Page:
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‘I said a lot of stupid things when I was in the Conservative party. I left it because I did not want to go on saying stupid things’.


Genius!. But do not think for a moment that this just popped into his head. He waited to deliver the line. To get maximum impact, to defuse what could have been a tricky situation. He was also the master of the ‘one liner’. The timing of the delivery as important as the words themselves. Imagine being on the receiving end of this wonderful expression thrown back to those who were hounding him about his decision to stand as a Liberal. He was also  more than the ‘we will fight them on the beaches’ guy.  In fact that was not his. You can thank a Frenchman for the original. He found it and adjusted it when ‘preparing’. He was also a pretty impressive artist and builder of walls.

What Churchill was very good at was ‘preparation’ He would spend hours preparing speeches and making sure he got them word perfect. It was all about the preparation. His research was meticulous and when he  delivered  the speech it became in many cases, a ‘work of art’.

When you listen to a radio announcer these days it does not take long to figure out if this is someone you want to listen to. The ‘good ones’ sound ‘nice’, get the time right, the music turns up at the right moment and the news arrives at the top of the hour. The great ones however are in a different league. They contribute content that you want to hear. ( even if you didn’t know it). They ‘position’ you. In other words, after listening to them you know what country, town or city you’re in. You know what day of the week it is, and you know what’s going on around you. You end up with a sense of belonging.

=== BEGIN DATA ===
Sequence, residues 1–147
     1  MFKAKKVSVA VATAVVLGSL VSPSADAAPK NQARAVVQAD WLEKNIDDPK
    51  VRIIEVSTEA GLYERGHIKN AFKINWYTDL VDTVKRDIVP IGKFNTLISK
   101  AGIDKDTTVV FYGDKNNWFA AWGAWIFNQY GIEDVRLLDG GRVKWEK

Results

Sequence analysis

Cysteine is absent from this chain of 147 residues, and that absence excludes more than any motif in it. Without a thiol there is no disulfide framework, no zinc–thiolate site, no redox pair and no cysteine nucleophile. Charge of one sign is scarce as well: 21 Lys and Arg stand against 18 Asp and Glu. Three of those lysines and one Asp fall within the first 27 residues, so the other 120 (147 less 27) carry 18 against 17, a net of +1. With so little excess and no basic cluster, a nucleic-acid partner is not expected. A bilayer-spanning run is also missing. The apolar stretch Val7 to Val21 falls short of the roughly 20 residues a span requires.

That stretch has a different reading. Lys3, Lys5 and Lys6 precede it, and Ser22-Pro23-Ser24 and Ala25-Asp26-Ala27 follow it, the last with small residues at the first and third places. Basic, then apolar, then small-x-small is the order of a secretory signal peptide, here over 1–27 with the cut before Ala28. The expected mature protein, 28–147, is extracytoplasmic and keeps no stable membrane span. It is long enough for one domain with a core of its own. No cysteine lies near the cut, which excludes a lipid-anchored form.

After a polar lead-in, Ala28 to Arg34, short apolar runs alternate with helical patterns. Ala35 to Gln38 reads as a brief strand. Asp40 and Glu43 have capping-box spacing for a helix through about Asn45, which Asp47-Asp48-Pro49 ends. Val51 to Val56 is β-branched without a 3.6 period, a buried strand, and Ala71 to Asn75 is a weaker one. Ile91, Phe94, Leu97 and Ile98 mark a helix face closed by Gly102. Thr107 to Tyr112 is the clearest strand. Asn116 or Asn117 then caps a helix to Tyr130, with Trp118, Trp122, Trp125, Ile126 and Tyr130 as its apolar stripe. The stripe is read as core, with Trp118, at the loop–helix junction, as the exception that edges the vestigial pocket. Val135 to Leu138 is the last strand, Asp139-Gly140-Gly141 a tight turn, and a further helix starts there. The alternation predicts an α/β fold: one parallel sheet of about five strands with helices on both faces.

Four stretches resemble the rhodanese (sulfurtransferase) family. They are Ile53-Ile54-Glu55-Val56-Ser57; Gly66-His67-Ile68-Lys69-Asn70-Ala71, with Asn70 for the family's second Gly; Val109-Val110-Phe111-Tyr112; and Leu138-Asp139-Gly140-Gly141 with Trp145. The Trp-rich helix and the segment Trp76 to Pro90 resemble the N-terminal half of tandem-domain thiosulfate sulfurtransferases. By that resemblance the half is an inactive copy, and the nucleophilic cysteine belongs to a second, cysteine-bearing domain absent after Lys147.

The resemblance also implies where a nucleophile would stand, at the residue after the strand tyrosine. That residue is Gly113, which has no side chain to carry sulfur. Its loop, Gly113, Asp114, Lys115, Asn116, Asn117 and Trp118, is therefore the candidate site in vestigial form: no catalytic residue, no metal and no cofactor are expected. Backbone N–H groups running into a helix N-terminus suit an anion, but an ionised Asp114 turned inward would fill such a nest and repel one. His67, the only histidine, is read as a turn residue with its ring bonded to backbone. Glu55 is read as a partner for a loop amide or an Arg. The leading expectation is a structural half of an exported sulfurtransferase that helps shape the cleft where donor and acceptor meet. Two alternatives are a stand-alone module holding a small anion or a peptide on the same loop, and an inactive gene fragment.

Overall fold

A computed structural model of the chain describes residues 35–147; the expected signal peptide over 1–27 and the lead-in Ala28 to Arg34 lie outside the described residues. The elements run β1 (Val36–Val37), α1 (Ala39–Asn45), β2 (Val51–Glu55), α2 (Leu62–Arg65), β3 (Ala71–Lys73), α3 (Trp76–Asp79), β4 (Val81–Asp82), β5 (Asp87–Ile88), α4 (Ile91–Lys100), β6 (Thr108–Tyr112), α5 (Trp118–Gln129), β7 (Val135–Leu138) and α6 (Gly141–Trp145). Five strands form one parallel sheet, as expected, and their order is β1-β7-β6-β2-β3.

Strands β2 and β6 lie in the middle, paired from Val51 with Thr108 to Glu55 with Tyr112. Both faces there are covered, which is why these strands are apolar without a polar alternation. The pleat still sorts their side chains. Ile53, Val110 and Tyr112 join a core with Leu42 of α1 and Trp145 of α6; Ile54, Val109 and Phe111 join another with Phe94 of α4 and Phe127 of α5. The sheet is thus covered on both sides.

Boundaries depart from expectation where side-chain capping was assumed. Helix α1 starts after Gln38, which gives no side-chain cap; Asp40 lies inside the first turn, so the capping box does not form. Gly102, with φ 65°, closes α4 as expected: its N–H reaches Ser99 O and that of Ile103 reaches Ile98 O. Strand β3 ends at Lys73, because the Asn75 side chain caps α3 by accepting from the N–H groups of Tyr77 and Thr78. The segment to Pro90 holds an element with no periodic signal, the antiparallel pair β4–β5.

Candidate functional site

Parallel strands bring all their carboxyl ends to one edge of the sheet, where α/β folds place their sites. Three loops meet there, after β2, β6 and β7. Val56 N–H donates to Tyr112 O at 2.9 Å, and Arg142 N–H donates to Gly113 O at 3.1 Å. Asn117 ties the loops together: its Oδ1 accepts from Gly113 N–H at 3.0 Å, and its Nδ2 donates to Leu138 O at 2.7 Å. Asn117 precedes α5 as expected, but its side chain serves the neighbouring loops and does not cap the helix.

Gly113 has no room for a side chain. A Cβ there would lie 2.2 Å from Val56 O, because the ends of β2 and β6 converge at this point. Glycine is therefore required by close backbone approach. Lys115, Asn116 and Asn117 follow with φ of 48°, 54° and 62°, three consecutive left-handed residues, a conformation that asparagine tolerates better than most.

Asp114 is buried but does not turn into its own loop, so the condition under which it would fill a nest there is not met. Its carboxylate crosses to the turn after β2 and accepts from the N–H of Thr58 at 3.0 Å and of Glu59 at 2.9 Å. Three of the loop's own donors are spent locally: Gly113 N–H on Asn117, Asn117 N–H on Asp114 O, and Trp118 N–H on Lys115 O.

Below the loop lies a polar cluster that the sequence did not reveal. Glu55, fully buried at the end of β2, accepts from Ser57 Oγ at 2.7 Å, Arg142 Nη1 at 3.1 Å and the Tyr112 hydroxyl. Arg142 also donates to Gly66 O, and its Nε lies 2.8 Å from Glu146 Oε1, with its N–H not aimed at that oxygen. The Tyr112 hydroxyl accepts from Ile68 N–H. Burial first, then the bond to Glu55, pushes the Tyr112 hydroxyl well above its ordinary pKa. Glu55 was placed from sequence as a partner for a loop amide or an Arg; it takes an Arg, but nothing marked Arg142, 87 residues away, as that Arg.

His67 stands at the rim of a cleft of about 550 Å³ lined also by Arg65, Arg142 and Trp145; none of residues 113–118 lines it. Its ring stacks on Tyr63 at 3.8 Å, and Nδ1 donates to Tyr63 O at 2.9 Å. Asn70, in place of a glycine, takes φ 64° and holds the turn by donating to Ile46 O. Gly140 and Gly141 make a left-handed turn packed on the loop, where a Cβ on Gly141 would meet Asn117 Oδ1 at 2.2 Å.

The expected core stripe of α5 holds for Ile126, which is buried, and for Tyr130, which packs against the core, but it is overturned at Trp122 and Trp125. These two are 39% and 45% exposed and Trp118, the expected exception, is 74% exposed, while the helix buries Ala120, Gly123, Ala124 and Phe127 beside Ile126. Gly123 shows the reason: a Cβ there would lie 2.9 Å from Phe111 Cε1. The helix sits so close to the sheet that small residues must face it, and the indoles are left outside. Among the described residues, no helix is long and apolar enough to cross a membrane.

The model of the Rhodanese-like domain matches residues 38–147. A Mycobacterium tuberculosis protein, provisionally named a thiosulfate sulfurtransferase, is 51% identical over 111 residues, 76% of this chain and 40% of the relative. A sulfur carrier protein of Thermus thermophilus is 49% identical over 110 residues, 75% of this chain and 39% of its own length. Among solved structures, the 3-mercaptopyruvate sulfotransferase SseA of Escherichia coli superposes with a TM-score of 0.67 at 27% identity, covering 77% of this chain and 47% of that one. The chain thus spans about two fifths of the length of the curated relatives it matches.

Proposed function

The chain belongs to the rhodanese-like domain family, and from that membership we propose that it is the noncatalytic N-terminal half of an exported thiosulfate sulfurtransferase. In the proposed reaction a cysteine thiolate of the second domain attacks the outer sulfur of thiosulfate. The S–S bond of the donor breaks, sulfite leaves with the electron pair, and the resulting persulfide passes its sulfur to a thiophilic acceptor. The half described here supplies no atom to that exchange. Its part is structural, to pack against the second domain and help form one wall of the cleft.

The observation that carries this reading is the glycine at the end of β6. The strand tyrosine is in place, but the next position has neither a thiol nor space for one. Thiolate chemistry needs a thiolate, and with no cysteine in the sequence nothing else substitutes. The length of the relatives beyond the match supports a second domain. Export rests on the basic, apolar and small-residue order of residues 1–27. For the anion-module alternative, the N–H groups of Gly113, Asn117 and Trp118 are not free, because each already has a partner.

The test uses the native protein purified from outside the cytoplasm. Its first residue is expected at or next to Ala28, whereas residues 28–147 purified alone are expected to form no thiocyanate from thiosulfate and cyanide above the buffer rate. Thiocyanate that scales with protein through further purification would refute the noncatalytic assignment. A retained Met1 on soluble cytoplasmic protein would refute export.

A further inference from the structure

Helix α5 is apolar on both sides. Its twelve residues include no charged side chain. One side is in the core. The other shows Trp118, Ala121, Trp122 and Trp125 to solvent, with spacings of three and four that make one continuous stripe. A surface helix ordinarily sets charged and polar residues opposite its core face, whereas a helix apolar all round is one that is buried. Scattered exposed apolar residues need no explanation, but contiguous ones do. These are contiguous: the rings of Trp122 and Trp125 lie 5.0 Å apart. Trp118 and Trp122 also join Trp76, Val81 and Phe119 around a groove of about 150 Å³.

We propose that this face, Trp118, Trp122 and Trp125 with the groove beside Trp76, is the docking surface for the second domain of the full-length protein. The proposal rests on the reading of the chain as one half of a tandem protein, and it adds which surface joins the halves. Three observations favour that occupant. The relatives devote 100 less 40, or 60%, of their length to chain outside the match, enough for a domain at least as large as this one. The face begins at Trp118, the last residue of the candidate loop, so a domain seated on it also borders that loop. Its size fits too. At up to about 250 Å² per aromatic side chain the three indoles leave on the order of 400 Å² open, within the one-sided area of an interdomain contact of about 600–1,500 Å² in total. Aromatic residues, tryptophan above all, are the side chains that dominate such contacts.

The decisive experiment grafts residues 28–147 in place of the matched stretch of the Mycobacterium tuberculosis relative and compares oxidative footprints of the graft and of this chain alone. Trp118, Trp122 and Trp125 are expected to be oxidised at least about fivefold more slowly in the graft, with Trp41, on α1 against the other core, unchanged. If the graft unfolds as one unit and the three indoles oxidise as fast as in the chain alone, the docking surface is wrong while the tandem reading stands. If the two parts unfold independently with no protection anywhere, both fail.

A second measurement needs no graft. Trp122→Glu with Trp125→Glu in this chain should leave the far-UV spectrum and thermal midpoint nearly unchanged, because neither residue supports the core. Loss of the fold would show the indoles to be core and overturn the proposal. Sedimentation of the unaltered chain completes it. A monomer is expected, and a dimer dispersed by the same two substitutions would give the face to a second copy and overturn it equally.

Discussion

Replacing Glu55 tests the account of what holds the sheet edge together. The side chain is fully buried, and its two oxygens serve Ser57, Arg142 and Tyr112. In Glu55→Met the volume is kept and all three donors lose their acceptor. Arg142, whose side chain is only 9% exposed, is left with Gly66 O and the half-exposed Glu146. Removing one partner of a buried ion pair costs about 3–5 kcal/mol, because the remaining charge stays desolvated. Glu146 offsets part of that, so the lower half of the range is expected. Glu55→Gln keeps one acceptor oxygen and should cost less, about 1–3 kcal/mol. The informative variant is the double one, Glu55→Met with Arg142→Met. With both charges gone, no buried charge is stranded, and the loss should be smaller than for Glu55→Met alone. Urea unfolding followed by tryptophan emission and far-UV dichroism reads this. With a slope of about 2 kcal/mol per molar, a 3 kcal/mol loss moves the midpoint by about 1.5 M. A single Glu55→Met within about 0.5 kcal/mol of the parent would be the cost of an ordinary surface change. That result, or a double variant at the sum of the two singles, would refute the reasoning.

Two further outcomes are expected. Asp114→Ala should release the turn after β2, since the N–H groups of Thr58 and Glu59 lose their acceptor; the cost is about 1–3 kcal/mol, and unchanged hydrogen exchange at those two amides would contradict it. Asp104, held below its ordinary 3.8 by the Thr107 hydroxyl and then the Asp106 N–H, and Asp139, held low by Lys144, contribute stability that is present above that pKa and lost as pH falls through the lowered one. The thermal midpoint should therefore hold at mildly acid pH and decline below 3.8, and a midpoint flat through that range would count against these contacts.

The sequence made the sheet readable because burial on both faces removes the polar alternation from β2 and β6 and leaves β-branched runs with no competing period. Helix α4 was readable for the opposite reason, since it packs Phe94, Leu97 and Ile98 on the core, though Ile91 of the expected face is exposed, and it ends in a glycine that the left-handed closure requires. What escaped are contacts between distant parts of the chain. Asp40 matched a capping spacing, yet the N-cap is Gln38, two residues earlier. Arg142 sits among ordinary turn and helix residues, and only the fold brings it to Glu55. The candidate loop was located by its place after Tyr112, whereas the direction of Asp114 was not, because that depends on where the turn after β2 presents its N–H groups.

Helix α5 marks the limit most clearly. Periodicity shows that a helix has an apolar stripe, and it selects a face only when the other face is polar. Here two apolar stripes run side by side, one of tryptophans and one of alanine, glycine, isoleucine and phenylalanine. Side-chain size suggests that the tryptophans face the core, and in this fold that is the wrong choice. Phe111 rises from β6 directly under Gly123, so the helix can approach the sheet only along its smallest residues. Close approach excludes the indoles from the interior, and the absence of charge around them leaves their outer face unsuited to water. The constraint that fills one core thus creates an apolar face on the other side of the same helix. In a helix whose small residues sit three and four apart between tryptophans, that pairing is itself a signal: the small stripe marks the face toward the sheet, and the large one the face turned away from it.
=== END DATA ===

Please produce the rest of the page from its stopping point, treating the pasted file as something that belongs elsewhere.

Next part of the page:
On a Monday that might mean knowing what the weather is going to do for the week to come, how ‘your’ sports teams fared over the weekend, you know what is news in your country and around the world. The great announcers give you the ‘interesting little bits and pieces’ that you know you’re going to ‘hear first’ from them.

It is more than the voice. It is even more than the accent. There is comfort in knowing that your radio station is doing a lot of preparation before their announcers turn on the microphone and begin three hours of music, chat, news and weather.

In the ‘old days’ the thought was that for every hour on air an announcer needed another hour ‘off air’ to prepare. Not sure many do that anymore. Except the great ones. And they make it all sound so easy that you simply forget that it must have taken hours to prepare.

Dolly Parton is reported to have said about her appearance ‘ it takes a lot of money to look this cheap.